This release includes a number of files relating to Second World War sabotage carried out against shipping and other targets in Gibraltar, concerning those organising and controlling the attacks. Of these the first, Friedrich Hummel, was also responsible for sabotage against the advancing allied forces in Western Europe after D-Day.

Friedrich Hummel (KV 2/3014) 1942-1947

Hummel first came to the attention of British intelligence as attaché in the German embassy in Madrid. He was described as being the head of German sabotage operations in Spain from 1942 and his role is detailed first in interrogation reports of other German figures who had been in contact with him, and finally in Hummel's own interrogation report, taken by the Americans in 1945. In this reconstituted file we read for example of the attempted Flußkaempfer (swimming sabotage) attacks against an American pontoon bridge at Remagen (serial 25a), which Hummel supervised. Hummel had also hidden caches of sabotage equipment in various south-eastern Spanish cities against a possible allied invasion, and sketch maps of the locations of these caches are included in the American interrogation report at serial 29a.

Sanchez Rubio (KV 2/3001-3002) 1936-1956

Lieutenant Colonel Sanchez Rubio was the head of the Spanish intelligence service effort against Gibraltar before and during the Second World War, and these two files document in detail his activities as revealed in source reports and correspondence from other agencies, including his involvement in sabotage. KV 2/3001 discusses at length the concerns that Rubio was abusing his official Spanish role by also carrying out work on behalf of the German and Italian intelligence services. There is correspondence (for example at serial 56a) between Lord Rothschild and Kim Philby at the Secret Intelligence Service on the handling of the case - which resulted in Foreign Office complaints to the Spanish regarding Rubio's behaviour, as recorded on KV 2/3002. This file goes on to detail post-war observation of Rubio's activities (there was particular concern that he might be placed in control of the entry points into Gibraltar), and includes discussion of the possibility that British agents might make contact with him and feed controlled information to him. The file includes photos of 'reinforced clam' type sabotage mines and of Sanchez Rubio's villa at La Linea.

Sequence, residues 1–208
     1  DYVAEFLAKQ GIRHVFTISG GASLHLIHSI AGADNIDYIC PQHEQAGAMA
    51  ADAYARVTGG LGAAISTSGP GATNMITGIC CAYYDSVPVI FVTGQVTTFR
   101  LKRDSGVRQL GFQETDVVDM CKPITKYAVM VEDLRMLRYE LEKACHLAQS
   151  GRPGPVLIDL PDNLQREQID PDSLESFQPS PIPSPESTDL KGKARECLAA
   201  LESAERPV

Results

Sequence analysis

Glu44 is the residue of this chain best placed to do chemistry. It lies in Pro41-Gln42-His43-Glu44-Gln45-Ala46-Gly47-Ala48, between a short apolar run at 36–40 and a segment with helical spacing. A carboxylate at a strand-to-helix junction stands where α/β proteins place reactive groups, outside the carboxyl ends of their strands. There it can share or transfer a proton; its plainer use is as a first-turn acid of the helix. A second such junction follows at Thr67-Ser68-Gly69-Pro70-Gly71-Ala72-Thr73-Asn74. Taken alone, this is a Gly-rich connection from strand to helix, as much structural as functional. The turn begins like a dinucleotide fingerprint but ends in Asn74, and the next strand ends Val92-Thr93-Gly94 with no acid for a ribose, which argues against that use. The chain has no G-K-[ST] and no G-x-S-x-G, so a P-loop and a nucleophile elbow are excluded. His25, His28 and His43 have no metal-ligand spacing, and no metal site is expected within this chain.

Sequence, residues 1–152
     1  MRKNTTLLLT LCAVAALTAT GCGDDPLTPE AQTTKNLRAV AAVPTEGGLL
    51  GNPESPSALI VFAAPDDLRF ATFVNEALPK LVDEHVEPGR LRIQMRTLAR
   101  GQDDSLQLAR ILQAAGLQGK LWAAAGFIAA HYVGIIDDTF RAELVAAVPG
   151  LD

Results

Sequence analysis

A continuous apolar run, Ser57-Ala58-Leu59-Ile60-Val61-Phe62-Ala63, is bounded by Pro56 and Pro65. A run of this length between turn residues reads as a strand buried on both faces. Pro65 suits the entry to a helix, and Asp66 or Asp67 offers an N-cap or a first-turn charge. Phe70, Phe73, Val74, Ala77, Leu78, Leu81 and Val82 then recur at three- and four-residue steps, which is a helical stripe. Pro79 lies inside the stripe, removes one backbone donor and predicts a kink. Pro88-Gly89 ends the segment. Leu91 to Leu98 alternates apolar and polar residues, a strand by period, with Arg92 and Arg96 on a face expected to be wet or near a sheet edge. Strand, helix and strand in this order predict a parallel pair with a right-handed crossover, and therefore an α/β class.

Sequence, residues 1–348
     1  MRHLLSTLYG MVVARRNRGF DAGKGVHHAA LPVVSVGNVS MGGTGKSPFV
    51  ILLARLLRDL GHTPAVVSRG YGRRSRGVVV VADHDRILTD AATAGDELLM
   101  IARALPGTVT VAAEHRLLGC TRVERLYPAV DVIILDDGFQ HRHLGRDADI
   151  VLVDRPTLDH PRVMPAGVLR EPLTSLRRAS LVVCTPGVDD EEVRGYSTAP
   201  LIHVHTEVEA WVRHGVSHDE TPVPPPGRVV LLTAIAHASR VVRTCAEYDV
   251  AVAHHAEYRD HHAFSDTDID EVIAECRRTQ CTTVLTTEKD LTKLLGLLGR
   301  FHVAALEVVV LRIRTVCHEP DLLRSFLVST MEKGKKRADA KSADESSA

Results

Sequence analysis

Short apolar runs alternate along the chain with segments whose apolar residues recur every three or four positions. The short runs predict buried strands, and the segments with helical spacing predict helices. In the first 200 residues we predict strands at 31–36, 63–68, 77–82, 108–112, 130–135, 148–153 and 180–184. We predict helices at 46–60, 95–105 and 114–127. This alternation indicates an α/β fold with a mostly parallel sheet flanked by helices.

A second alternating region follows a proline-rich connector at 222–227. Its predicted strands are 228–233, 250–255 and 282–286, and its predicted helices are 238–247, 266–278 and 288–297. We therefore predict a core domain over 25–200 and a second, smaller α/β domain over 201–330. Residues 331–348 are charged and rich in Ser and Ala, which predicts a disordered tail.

Guilo Pistono (KV 2/3018) 1936-1944

This reconstituted file shows how Pistono was suspected as an Italian agent as early as 1943, when he was based outside Algeciras on a farm which he showed little interest in running successfully. He was viewed with particular suspicion because, as a successful engineer, he was constructing a house for a British officer which commanded views to Gibraltar and Cueta. The suspicion was that he was running agents in Gibraltar and sending intelligence by wireless to Italy. A summary of this early part of his career is at serial 12a. In 1943 he re-emerged as Italian consul in Algeciras, from where he ran human torpedo and midget submarine sabotage missions against Gibraltarian targets from the Italian tanker Ottera. Pistono himself contacted the British vice consul at Algeciras to admit his responsibility for this after the Italian capitulation in September 1943. He was interviewed by the British authorities (serial 26a) and this was followed by an inconclusive debate about whether Pistono could be used against the Germans in Spain.